Meet rescued elephants in Laos' out-of-town haven

I'm in the land of a million elephants but I only have eyes for one. At 60 years old, Peng is the grand dame of MandaLao Elephant Conservation, located just outside the northern Laos city of Luang Prabang. We spend the afternoon making her favourite snack, a banana taco – the yellow fruit slit in half and packed with tamarind, rock salt and sticky rice – then we take a boat ride across the milky-tea-coloured Nam Khan river to feed her and tuck her in for the night. There is no riding or washing the elephants at MandaLao, they are here to rest after being rescued from logging operations and riding camps.

I sidle up to Peng and wait for her to take the taco in her trunk like the other elephants we are feeding but the poor old girl wants me to pop it straight into her rather dauntingly large mouth. When I hesitate, one of the guides encourages me, telling me Peng is so old she can't even be bothered using her trunk; I offer the stuffed banana and she gently takes it, turning her heavily lashed eye to me within a couple of inches of my face – perhaps she needs glasses, too.

Peng's penchant for mouth-to-hand contact makes her less popular with our feeding crew, but I have fallen pretty hard for her by this stage so she gets a few more treats from me before we take a short walk along the jungle path and lead her and her fellow residents to where they will spend the night.

MandaLao is a great place to see Laos' dwindling elephant population. The camp is two years old and it attempts wild breeding and the reintroduction of elephants to Lao national parks, but for Peng it is a retirement village where she will live out the rest of her days.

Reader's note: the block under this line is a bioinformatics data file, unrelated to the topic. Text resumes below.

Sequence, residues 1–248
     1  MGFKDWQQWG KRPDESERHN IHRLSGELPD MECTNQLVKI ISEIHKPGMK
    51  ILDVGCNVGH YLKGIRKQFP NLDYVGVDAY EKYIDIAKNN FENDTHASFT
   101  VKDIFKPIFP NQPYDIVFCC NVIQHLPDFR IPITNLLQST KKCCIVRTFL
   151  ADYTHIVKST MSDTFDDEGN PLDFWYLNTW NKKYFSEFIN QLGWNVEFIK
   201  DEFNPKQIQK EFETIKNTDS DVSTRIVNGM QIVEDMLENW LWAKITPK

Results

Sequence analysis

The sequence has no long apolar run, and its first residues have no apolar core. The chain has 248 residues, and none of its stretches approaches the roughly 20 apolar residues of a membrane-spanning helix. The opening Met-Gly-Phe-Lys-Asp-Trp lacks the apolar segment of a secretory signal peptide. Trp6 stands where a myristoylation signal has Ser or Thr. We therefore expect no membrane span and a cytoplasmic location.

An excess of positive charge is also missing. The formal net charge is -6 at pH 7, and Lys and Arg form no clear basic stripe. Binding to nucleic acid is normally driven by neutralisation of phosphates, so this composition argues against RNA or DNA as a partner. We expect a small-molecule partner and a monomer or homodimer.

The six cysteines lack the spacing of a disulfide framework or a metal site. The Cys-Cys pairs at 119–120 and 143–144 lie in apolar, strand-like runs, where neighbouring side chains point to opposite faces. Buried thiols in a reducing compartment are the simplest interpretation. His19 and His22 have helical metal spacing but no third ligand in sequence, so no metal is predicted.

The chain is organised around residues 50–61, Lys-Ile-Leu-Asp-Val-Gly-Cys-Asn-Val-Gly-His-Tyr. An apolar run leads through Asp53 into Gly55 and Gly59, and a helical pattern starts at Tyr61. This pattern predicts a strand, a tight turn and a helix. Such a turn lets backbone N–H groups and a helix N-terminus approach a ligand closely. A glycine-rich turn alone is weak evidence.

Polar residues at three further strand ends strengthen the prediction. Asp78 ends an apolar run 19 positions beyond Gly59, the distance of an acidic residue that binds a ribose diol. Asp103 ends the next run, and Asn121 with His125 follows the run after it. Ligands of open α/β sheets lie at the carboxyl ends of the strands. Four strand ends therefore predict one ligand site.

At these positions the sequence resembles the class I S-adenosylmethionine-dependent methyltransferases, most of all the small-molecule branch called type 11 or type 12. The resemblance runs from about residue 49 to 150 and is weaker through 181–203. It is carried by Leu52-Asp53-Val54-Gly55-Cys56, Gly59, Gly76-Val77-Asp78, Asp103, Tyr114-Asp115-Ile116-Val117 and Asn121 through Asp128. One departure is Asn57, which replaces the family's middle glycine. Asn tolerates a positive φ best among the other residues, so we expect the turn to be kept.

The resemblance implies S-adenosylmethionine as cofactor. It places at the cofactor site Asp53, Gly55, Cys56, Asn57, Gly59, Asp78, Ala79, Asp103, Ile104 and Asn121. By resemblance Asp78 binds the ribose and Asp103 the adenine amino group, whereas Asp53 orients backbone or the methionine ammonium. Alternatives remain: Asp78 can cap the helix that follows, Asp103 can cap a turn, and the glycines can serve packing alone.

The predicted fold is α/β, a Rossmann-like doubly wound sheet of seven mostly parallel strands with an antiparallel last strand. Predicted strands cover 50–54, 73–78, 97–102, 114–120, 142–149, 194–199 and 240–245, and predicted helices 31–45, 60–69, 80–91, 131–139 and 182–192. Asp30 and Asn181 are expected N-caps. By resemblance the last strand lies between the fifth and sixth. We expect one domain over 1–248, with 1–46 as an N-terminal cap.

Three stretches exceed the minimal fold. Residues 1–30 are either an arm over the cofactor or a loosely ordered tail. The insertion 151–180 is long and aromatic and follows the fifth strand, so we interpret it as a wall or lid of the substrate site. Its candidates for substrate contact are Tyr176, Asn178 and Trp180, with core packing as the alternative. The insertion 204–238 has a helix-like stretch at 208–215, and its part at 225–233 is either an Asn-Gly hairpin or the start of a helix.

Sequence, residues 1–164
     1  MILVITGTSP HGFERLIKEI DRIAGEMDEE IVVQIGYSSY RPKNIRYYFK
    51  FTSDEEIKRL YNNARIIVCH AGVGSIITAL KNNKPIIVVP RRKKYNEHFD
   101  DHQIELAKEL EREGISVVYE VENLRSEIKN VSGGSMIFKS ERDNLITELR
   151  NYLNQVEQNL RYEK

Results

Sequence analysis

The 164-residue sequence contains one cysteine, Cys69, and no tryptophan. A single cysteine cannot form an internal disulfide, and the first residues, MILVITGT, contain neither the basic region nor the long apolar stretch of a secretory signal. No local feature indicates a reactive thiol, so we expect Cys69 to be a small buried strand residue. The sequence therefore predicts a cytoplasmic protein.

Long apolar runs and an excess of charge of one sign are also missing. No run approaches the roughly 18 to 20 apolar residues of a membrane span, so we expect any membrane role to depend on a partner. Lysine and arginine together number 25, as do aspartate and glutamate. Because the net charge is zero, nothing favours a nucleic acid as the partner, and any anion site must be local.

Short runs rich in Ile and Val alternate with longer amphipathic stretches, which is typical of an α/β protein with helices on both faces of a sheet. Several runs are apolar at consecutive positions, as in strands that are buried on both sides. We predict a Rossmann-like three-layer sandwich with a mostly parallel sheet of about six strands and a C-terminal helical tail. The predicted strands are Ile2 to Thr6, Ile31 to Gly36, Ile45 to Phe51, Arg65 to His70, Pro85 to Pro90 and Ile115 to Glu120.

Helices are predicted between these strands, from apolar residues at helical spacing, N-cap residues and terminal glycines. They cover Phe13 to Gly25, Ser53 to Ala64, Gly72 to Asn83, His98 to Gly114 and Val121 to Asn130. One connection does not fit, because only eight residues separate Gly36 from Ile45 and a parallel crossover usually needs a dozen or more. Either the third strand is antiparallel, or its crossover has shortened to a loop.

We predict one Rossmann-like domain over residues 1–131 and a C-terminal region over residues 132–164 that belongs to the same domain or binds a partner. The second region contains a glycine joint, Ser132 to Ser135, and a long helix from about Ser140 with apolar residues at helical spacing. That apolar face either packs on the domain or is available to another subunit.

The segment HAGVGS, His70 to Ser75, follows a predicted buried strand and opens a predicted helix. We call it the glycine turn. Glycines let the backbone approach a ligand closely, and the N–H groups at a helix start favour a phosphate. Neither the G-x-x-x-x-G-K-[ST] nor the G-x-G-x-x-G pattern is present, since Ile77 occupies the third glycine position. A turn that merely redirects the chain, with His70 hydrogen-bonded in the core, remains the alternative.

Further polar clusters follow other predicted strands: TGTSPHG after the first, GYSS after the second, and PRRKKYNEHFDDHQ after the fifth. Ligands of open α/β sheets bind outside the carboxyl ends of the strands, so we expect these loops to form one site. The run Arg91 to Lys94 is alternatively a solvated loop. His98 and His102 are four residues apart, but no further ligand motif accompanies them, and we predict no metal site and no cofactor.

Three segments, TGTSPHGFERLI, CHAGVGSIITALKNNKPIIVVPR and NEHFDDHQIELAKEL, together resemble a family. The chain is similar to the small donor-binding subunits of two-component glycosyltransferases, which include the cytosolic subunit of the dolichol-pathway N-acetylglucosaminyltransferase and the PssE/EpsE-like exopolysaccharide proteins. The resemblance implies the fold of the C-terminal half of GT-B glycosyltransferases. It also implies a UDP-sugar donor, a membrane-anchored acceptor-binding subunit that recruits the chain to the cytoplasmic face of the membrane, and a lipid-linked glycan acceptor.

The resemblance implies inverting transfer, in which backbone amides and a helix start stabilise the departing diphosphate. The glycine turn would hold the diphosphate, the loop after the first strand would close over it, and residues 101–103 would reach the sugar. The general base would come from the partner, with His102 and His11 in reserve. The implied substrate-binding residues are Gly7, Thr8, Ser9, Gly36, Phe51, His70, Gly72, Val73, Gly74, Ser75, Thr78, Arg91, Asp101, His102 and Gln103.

I have travelled to Luang Prabang on a few occasions but this is my first time staying outside of the World Heritage-listed city in the newly opened Pullman Luang Prabang resort. Set among paddy fields, the air filled with the songs of children from a nearby school, this resort has semi-detached villas spread throughout the rice fields with a central area to sit and take in the view. It makes a great base for exploring the region and the wildlife of Luang Prabang. We spend a couple of days up and down the dusty byways discovering more of Laos.

From the wilds of MandaLao, we head off the next morning to the Kuang Si waterfalls and stop by the Free the Bears sanctuary where sun and moon bears are rescued from the bear bile trade and now laze around in the jungle on wooden platforms. The organisation freed more than 60 bears last year. Then we wander up the path to the opal blue pools of the falls where people swim and take selfies. We finish with lunch at Carpe Diem, a restaurant whose wooden deck is next to the falls; it is the best view in the house and the shrimp ravioli is incredible.